Read a history of The Black Path here https://teessidepsychogeography.wordpress.com/2020/05/05/the-black-path-8/
Great Langdale Cup Marked Stone – Dungeon Ghyll – Harrison Stickle – Loft Crag – Pike of Stickle – Martcrag Moor – Stake Pass – Mickleden – Old Dungeon Ghyll – Copt Howe – Mayburgh Henge 21.06.2019
A cup-marked boulder at the foot of the Side Pike pass to Little Langdale.
I don’t have a great head for heights, the narrow scramble between Harrison Stickle and Dungeon Ghyll makes me question my choice of route, to withdraw would be to fail.
There are two genii, which nature gave us as companions throughout life. The one, sociable and lovely, shortens the laborious journey for us through its lively play, makes the fetters of necessity light for us, and leads us amidst joy and jest up to the dangerous places, where we must act as pure spirits and lay aside everything bodily, as to cognition of truth and performance of duty. Here it abandons us, for only the world of sense is its province, beyond this its earthly wings can not carry it. But now the other one steps up, earnest and silent, and with stout arm it carries us over the dizzying depth. On the sublime by Friedrich Schiller. 1801
Staring down the gulley to the valley below, then scrambling to the summit of the Pike of Stickle, terrifying and exhilarating.
Chasing clouds across the fells
Tracking Prehistoric Cairns along Mickleden
Flakes of Tuff carried down the scree from the Neolithic quarries on the Pike of Stickle
On leaving, I visit the prehistoric carved boulders of Copt Howe
Mayburgh Henge, generally my starting and finishing point when visiting Cumbria.
Dodgson attended Richmond Grammar School for a year while his father was vicar of Croft
Hunting for erratics amongst the river-worn cobbles of Frenchgate.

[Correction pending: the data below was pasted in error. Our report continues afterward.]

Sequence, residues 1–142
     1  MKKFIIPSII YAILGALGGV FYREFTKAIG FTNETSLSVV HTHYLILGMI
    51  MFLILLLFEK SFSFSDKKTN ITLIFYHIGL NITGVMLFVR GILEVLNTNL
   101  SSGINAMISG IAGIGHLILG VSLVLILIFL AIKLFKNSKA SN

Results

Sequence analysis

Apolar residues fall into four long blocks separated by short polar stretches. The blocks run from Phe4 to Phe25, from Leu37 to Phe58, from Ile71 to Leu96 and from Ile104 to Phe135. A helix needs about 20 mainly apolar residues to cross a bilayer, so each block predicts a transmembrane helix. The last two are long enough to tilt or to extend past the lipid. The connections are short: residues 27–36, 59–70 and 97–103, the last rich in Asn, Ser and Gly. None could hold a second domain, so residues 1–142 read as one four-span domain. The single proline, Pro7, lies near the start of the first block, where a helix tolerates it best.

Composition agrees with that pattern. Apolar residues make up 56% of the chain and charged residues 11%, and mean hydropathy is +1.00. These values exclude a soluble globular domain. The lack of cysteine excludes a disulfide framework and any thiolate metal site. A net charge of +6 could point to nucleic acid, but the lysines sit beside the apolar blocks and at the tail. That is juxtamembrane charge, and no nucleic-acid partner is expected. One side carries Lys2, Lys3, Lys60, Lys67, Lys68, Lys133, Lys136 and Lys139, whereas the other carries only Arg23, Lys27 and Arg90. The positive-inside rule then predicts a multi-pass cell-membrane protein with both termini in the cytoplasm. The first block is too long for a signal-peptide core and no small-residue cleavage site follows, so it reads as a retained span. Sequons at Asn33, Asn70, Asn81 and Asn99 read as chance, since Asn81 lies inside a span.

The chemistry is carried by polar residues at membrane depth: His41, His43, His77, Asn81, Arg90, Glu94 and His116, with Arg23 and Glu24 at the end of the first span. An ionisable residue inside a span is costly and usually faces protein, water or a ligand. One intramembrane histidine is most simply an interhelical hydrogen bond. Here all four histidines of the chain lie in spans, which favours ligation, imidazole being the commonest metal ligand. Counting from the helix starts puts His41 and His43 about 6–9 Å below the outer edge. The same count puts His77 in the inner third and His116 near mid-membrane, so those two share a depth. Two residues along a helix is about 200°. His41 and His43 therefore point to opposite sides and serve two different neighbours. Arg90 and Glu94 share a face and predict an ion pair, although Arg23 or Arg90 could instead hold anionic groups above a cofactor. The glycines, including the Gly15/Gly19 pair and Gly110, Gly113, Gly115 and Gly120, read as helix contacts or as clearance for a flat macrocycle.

Zealous and Consistent members
The town has two subterranean legends. One tells of how a potter named Thompson discovered a cave beneath the castle. In the cave was a round table around which were a group of sleeping knights. Upon the table was a great sword and a horn. Thompson reached for the horn, waking knights from their sleep. Thompson fled and as he ran he heard a voice behind him say..
Potter Thompson, Potter Thompson!
If thou hadst drawn the sword or blown the horn,
Thou hadst been the luckiest man e’er was born.”
The second legend concerns a tunnel that runs from the castle to Easby Abbey. The tunnel was supposed to have been dug to allow the abbots to escape from the marauding Scots. Some soldiers wanted to explore the tunnel but found it too narrow. They sent a drummer boy into the passage and instructed him to beat his drum as he walked, allowing the soldiers to track his progress from the surface. At a point between the castle and the abbey the drum fell silent and the boy was never seen again.
A stone has been erected on the riverside path to mark the point where the drumming ceased. The local legend is that the drummer boy’s ghost still walks the passage and occasionally his drum can still be heard beating.
Markse Road, Ox Close, Wilton Bank, Pithills, Hob Hill, Four Lanes End, Village Wood, Beacon Moor, Errington Wood, Marske Quarry, Falkland Walk, Quarry Lane, Plummer’s Bank,
The edgelands are slowly dissolving
A dream job
Were the Hobs driven out by the ironstone miners or do they survive in the abandoned galleries beneath the Anglian burial ground?
When it snows, the children of Saltburn invade the golf course to sledge the banks. The greenkeepers don’t like the snow.
The path ends at the road, the road has no pavement, we are forced to walk in the gutters.
An aerial ropeway once spanned the low valley.
The rain arrives
I collect a few flint fragments from the field margin including a small worked tool.
The terrier and I explore the woods and sandstone quarry. We disturb some deer, the terrier’s eyesight is not so good, he decides not to give chase. A pair of charcoal kilns lie in the quarry bottom waiting for spring to arrive
The quarry is much older than the ironstone workings futher down the slope. Sandstone from the quarry was used in local buildings and walls. The weathered quarry walls contain a number of niches.
Wet through and cold we head home along Quarry Lane.
Upleatham [Upelider DB, Uplithum c1150 Whitby, 1272 Ipm]. ‘Upper slopes.’ Cf. KIRKLEATHAM. U- is higher than Kirkleatham. Uplider DB seems to be a Scandanavianized form, ON Upphlioir. The Concise Oxford Dictionary of English Place-Names. Eilert Ekwall 1974